Day 450 – Day 450

Yes, Day 450 of lockdown in South Africa. That’s a lot of days, and so it seems reasonable to ask what progress we have made since late March last year.

Officially, almost 60,000 deaths from Covid-19 (although the true figure is probably much higher than that); I can’t buy any alcohol until Monday and I can’t go out after 10pm. And in the next month, I’m probably going to be at a higher risk of contracting Covid-19 than ever before. 3.4% of the population have been vaccinated, although most of those have only received one of the two doses they require. Joburg’s hospitals are full and are turning away desperate patients until others die and free up beds.

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It’s a deeply unpretty spectacle.

And yet, as I have previously lamented, life goes on unabated. I don’t know what it will take to change people’s mindset, but I can’t see it happening any time soon. And that means that it will likely be too late.

It’s a gorgeous sunny day here in Cape Town. High 20s and uninterrupted blue skies across the city. Fresh, clean, outdoor air is everywhere, and yet the malls and pubs are packed. It sometimes feels like I’m the only one that’s feeling this way, but there must be others also feeling vulnerable and choosing to keep themselves to themselves with just a coffee or two, last night’s braai meat, some Woolworths salami sticks and the football on the tele.

I don’t get it. And so I try to find some solace in Hungary v France.


Day 438 – Nothing speech yields no results

With due respect to The 438 Game and that guy in Forries who called it.

Just over a week ago, President Cyril Ramaphosa addressed the nation regarding the Covid-19 situation here. I don’t need to go back over that speech because firstly, there wasn’t much to it, and secondly, I covered just how pathetic it was right here.

Suffice to say, the only two interventions he made in the face of a clearly incoming third wave of infections were to reduce the numbers permitted at gatherings to 250 outdoors and 100 indoors, and to extend the curfew by 1 hour: from midnight until 4am to 11pm until 4am. I commented at the time that these were unlikely to make any difference to the very worrying situation and were really just to make it look like the government were doing something. The gatherings numbers were still far too high to limit any potential spread and the extra hour would just hurt businesses that little bit more without making any difference to the number of infections.

And that’s if any of the regulations were being effectively observed, policed and enforced anyway. (They’re not.)

Unsurprisingly, the rate of new infections since the speech has increased across seven of the nine provinces. The only two outliers in this regard were the two smallest (by population) provinces: Northern Cape and Free State, which were – for the first time in their existences – both ahead of the curve for something. Sadly, it turned out to be the third wave.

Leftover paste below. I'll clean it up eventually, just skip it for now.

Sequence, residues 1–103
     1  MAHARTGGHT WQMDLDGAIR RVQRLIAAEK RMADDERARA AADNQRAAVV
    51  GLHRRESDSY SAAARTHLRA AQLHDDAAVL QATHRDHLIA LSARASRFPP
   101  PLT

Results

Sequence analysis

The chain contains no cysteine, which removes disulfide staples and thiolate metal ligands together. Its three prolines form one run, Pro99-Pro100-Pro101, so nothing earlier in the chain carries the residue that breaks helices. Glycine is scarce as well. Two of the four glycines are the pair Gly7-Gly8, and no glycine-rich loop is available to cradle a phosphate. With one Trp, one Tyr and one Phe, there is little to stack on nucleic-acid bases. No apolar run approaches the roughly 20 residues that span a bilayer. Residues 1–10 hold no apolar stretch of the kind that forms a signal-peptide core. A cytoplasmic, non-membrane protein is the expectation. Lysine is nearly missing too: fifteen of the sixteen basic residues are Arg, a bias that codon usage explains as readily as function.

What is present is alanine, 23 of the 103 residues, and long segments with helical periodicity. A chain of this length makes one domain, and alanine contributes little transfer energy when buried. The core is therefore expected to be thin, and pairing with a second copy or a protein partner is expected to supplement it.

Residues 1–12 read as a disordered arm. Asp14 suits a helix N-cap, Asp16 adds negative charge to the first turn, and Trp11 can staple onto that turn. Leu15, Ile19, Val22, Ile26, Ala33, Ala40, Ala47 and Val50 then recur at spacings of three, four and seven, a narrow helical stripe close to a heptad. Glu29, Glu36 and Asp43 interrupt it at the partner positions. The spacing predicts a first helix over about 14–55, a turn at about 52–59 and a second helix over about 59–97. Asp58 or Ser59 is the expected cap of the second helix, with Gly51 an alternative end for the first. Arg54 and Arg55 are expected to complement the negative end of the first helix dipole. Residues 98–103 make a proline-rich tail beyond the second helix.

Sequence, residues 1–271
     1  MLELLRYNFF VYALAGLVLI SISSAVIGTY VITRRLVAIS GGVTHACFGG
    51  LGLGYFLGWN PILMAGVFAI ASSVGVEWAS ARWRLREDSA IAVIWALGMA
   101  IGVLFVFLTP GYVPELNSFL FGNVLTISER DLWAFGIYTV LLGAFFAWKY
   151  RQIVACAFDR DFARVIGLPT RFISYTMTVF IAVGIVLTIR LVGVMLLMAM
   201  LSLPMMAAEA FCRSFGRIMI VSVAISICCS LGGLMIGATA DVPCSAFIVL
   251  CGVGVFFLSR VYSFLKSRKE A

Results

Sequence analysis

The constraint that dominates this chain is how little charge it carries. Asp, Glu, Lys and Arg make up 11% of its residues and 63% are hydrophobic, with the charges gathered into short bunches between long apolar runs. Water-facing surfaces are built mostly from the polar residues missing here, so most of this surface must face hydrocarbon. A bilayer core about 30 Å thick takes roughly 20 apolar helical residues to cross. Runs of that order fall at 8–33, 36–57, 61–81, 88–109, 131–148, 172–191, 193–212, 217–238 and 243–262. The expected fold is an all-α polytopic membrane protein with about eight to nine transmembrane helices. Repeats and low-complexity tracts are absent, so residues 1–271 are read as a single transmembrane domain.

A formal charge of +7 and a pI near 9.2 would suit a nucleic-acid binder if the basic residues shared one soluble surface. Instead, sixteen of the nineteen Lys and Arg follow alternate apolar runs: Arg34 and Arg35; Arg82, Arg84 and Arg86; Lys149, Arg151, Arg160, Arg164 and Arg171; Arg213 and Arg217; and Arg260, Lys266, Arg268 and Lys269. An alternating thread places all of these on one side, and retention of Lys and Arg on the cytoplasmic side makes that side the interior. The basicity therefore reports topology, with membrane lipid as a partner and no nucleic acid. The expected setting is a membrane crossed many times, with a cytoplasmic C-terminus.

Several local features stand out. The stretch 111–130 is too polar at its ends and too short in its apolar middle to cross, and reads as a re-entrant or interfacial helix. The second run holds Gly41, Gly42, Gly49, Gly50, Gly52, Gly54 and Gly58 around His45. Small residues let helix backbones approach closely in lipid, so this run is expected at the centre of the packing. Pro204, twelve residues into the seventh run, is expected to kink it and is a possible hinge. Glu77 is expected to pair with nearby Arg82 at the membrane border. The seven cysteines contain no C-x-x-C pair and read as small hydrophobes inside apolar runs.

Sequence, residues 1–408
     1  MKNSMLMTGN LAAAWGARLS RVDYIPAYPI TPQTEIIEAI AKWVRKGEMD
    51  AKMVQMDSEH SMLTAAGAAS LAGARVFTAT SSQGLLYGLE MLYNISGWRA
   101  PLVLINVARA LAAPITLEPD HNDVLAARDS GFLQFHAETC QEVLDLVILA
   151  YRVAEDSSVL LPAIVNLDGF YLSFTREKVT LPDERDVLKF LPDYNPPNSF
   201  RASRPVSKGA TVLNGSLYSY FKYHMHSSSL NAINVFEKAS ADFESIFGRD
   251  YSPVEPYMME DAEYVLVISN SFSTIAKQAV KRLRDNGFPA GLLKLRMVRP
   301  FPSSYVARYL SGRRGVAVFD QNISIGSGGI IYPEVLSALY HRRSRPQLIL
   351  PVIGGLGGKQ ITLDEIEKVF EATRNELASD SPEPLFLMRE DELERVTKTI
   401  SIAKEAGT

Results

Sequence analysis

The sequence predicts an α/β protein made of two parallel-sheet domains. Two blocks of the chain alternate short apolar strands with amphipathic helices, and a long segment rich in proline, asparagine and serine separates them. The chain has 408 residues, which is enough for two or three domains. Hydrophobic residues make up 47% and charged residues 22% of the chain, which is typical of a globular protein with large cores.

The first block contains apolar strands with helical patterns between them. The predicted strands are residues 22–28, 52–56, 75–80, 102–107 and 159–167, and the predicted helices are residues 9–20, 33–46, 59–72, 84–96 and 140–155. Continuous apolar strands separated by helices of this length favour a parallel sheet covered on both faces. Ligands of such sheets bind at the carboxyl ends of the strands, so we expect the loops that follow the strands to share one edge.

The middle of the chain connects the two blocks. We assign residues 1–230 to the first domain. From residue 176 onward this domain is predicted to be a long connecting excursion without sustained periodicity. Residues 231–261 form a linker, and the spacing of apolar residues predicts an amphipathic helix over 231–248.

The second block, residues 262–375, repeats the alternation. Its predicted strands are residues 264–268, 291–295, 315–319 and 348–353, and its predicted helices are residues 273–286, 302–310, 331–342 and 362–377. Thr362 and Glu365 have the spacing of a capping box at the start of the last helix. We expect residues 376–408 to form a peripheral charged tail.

The rest of the country, in which 95% of the population lives, showed dramatic increases across the board:

Not pretty, but not exactly much of a shock, either.

So, as before the speech (and as before the second wave), Ramaphosa has a decision to make: either a stricter lockdown or a more deadly third wave. I’ve said before that I won’t get into the argument of whether lockdowns are a good thing or not, and I’ve also said that I am very glad I’m not having to navigate a country through a pandemic.
But they’re getting paid the big bucks (and sharing the funds with their comrades) for this sort of thing, and they really should be doing much better.

Last week’s speech was never going to do anything but harm. And so it has proved.

Graphs from Sugan Naidoo

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Day 431 – Hard to disagree

I’m no fan of any political party here in SA. Maybe not even anywhere else either.
But I’m in SA and so I’m concentrating more on the political parties here. For those of you not in the know, here’s a quick run down of the top 6 parties here:

The ANC is broken, horribly corrupt and is failing the country.
The DA is full of itself, despite continually lurching from one PR disaster to another.
The EFF is loudmouthed, flipflopping populist extremism in a red boiler suit.
The IFP has no bearing on anything (and therefore no relevance) outside KwaZulu-Natal.
The FF+ is the diametric opposite of (and therefore ironically also exactly the same as) the EFF.
And the ACDP is basically full of Donald Trump wannabes without the orange tan and the dodgy wig.

It’s not a pretty line up.

But enough of the prologue. On with the story.

It’s become ever so trendy on social media lately to shoot down anything that the DA says. If you refer to my quick – yet surprisingly accurate – guide above, you’ll note that the DA is adept at shooting themselves in their collective feet, so fairly often, this criticism is tautologically warranted and deserved, but equally, quite a lot of the time, it’s just trolling by people trying to look cool.

But they do look ever so cool when they do it. I, for one, always admire their actions.